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Businesses already begin to regroup

Eileen JoyceA firefighter walks along Pine Street in front of the burned-out remains of Friar Tuck's and the Herb Shop around 3:30 p.m. Wednesday.
ALL | GrassValleyArchive

As the fire continued to smolder Wednesday at the corner of Commercial and North Pine streets in Nevada City, people tried to fathom what was next.

“All these people who are out of work,” said Peter Selaya, owner of the New Moon Cafe on upper Commercial Street, as he watched firefighters near his restaurant. “That’s what I’ve been thinking all day.”



The fire damage, estimated at $3 million, could affect as many as 100 people, said Charlie Jakobs, fire captain specialist with the California Department of Forestry and Fire Protection.




Among those affected are county workers who occupied the second floor of the building; employees of Friar Tuck’s Restaurant & Bar, the Herb Shop and Herb Shop Record Store on the first floor; and actors and staff at Off Broadstreet, a cabaret theater on Commercial Street.

The 38 employees from the county Probation Department and the Victim/Witness Assistance Center will work out of temporary offices at the Nevada County Courthouse and the Nevada City Veterans Memorial Building, said Dennis Cassella, the county’s director of general and emergency services. Probation Department officials said they may also use space at Rood Administrative Center. Realtors have already contacted him to offer permanent space, said Cassella.

Nevada City officials said they could not estimate the loss in sales tax to the city, which receives 1 percent of all sales tax within the city limits. But several people at the scene expected major losses.

The economic impact will be huge, City Councilman Steve Cottrell said, referring to the job and sales tax losses. The town’s population is only 3,000, he added.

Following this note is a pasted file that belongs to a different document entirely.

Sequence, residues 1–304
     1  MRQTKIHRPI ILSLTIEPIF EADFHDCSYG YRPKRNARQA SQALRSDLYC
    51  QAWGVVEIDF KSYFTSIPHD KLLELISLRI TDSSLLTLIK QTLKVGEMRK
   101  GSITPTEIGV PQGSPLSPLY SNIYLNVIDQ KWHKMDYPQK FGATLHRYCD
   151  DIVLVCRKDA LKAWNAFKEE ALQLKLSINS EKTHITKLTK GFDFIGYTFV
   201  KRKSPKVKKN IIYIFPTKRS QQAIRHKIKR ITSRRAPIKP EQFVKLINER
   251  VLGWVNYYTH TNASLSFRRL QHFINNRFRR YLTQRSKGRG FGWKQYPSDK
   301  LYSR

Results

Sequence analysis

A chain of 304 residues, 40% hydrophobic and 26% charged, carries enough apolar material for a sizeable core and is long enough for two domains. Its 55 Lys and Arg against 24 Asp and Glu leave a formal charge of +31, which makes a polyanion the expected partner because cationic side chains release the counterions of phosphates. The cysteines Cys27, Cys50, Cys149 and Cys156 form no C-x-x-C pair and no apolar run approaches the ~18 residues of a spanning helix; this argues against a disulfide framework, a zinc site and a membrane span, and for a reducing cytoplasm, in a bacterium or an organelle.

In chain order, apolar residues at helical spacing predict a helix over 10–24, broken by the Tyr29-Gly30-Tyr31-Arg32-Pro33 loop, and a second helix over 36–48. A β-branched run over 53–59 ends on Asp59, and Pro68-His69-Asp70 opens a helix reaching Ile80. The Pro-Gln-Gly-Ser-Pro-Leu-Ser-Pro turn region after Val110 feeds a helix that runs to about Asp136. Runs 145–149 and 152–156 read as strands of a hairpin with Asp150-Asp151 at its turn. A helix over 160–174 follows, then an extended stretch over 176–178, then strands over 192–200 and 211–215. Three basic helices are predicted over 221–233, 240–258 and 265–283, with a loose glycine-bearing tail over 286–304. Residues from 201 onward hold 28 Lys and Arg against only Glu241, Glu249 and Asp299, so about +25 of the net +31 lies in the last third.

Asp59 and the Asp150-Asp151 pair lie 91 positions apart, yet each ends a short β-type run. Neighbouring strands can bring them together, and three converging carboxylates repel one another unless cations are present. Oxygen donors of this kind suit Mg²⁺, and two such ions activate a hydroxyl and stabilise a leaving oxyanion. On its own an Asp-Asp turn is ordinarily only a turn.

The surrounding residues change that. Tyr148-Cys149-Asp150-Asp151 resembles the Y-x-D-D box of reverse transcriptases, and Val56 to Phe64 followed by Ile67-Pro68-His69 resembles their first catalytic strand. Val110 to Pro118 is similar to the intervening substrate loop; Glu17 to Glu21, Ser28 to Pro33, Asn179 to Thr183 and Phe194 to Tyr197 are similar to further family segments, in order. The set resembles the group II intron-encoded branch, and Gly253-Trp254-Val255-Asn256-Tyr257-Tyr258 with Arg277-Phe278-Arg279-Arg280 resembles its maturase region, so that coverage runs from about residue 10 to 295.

City officials, all of whom praised firefighters’ quick response, said the most important thing was that no one was injured. They were also relieved that the fire had occurred on a calm day and not spread to nearby buildings.

The city will try to expedite the rebuilding process, City Manager Beryl Robinson said.

Friar Tuck’s employs 35 people and grosses $1 million a year, Joe Greenstreet, the restaurant’s accountant, said as he and owners Greg and Rona Cook watched firefighters putting out hot spots from nearby Broad Street.

The restaurant was a social hub, Greenstreet and others said. “It’s sad,” he said.

Cottrell felt particularly empathy for the Cooks. When he lost his apartment to a fire in 1982, the Cooks were among those who offered help, he recalled.

Greg Cook said he wants to go back in business as quickly as possible.

“We’re going to have it rebuilt in four months,” he vowed.

Off Broadstreet owners Jan Kopp and John Driscoll watched in shock as props, chairs, lighting and sound equipment were laid nearby.

The company’s current production, “Angry Housewives,” runs until the end of April. Tickets estimated at $20,000 are sold for performances over the next two months, Driscoll said. “It’s financially devastating.”

The theater, which they rent, is a special place, he and his wife said.

“It’s just a sweet, little, warm cabaret theater,” Driscoll said.

In spite of it all, both said they felt lucky.

The owner of the Grandmere’s Inn bed-and-breakfast on upper Broad Street has offered the use of a garage, Driscoll said. Theater friends, acquaintances and total strangers – perhaps as many as 100 people – stopped by to help and show support all day long, Driscoll said.

Mayor Kerry Arnett praised the businesses that spontaneously donated food to emergency workers.

“I wouldn’t expect anything less from Nevada City, but it’s rewarding when you see it,” said Arnett, who at one point walked around with a disco ball found near the burning building, trying to find its rightful owner. Arnett said he wanted to remain available as long as the fire was not completely out.

Councilman Pat Dyer, co-owner of the Utopian Stone jewelry store on Broad Street, said he decided to close his shop Wednesday in part because he did not want his employees to breathe the smoke. He did not mind losing a day’s worth of business, he said.

“I’m just glad that the building is still there,” Dyer said. “I feel very lucky.”

David Vertin, president of the Nevada City Chamber of Commerce and president of the Nevada City Carriage Co., said he will go before the City Council Monday to request that reconstruction of the building be expedited.


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